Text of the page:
For Adam Russell, family will always come first

SARASOTA, Fla. - Adam Russell didn't ask for perspective. He didn't invite it onto the mound and into his life. But a family's battle with cancer will do that for a guy.

Russell attempts to keep his mind clear as he works out each morning at the Ed Smith Stadium complex. He's here to play baseball, to beat the odds and make the club out of spring training after signing a minor league contract in early December. But it's the odds that his sister faces, his brother-in-law, his father and his grandmother, that tug at his emotions and make the act of throwing a baseball seem less important.

His sister, Tracy, was diagnosed with Stage 4 breast cancer two years ago, and it already had spread to her liver. Recently, her husband was diagnosed with Stage 3 non-smoking lung cancer. They have two children, ages 6 and 3.

"It's been a rough couple of years," Russell, 29, said this morning before heading to the back fields. "We've had a lot of sickness."

More than any family should have to endure.

RussellHendricksonTall.JPG"My dad has skin cancer and my grandmother has breast cancer," Russell said, reciting the roll call as his eyes moisten. "My middle sister found out there's a cancer gene that my family carries. I'm the only one in the family that doesn't carry it. My middle sister opted to have a double mastectomy just to alleviate the cancer cause, because she carried the gene, which carries an 87 percent chance of getting breast cancer.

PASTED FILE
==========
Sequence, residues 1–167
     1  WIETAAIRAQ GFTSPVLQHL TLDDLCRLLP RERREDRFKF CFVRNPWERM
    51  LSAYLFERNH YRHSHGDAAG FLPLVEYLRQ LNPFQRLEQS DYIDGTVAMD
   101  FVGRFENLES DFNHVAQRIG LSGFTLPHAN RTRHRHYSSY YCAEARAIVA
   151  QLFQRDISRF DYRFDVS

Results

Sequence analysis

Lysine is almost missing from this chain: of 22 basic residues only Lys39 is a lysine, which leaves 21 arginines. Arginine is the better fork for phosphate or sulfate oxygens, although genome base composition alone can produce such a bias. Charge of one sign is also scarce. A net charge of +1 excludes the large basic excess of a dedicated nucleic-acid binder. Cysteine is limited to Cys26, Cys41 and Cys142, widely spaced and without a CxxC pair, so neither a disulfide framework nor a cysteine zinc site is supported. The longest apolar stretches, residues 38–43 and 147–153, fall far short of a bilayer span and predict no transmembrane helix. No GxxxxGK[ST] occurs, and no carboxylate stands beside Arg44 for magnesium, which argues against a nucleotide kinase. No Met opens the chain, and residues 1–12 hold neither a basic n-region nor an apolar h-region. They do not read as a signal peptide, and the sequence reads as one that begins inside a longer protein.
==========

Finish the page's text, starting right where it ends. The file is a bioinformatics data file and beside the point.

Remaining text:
"It's been a rough couple of years, but I have a great family - very strong, very supportive. They're going to beat it, knowing them. We've never felt sorry for each other going through this. I think it's made us stronger and better people for it.

"Everyone is very supportive of each other and watching the kids. There's tons of appointments and stuff to go through. Everyone's pitching in, everyone's helping as much as they can. It's good to see how strong my family is through this. I feel terrible for people who have to go through this and don't have as strong of a family and don't have people who are backing them up like my family does, so I feel I'm very fortunate. We're dealing with it the best we can."

Here's where the perspective comes into play for Russell. A poor outing doesn't stay with him, doesn't gnaw at him at all hours of the night. He's very serious about his baseball career, which has included stints with the White Sox, Padres and Rays, but it doesn't bring the same lows anymore.

"I find myself getting less mad about things," he said. "Just the way my sister fights shows me how to keep things in perspective. I'm much more of a positive person because I see, here she is, Stage 4 cancer and I've never heard her complain once. All she wants to do is to get better. She wants her kids to grow up with a mother. For me complaining about walking a guy or something like that, having a bad game, it's not something that's in my life anymore."

Russell was in San Diego when he learned of Tracy's diagnosis.

"It kept getting worse after that, but I'm happy to say she's doing pretty well for how advanced her cancer is," Russell said. "She will always have cancer, but it's just not attached to anything right now. It's the best-case scenario. We're very fortunate for how she's acting and how she's feeling right now. Now we've just got to deal with my brother-in-law. We'll see how it all works out."

Russell's emotions change, leaning more toward anger, when relaying how she no longer has access to the drug Avastin.